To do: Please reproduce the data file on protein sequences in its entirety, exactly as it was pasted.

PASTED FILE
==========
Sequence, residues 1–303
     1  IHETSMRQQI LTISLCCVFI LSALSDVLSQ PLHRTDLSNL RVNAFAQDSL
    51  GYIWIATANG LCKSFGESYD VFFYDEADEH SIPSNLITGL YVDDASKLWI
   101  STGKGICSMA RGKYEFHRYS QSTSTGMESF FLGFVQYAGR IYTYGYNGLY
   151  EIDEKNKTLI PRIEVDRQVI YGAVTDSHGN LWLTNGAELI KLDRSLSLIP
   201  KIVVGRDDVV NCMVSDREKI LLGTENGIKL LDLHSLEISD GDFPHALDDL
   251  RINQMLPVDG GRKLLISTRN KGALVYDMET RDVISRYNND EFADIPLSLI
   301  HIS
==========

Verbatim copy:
Sequence, residues 1–303
     1  IHETSMRQQI LTISLCCVFI LSALSDVLSQ PLHRTDLSNL RVNAFAQDSL
    51  GYIWIATANG LCKSFGESYD VFFYDEADEH SIPSNLITGL YVDDASKLWI
   101  STGKGICSMA RGKYEFHRYS QSTSTGMESF FLGFVQYAGR IYTYGYNGLY
   151  EIDEKNKTLI PRIEVDRQVI YGAVTDSHGN LWLTNGAELI KLDRSLSLIP
   201  KIVVGRDDVV NCMVSDREKI LLGTENGIKL LDLHSLEISD GDFPHALDDL
   251  RINQMLPVDG GRKLLISTRN KGALVYDMET RDVISRYNND EFADIPLSLI
   301  HIS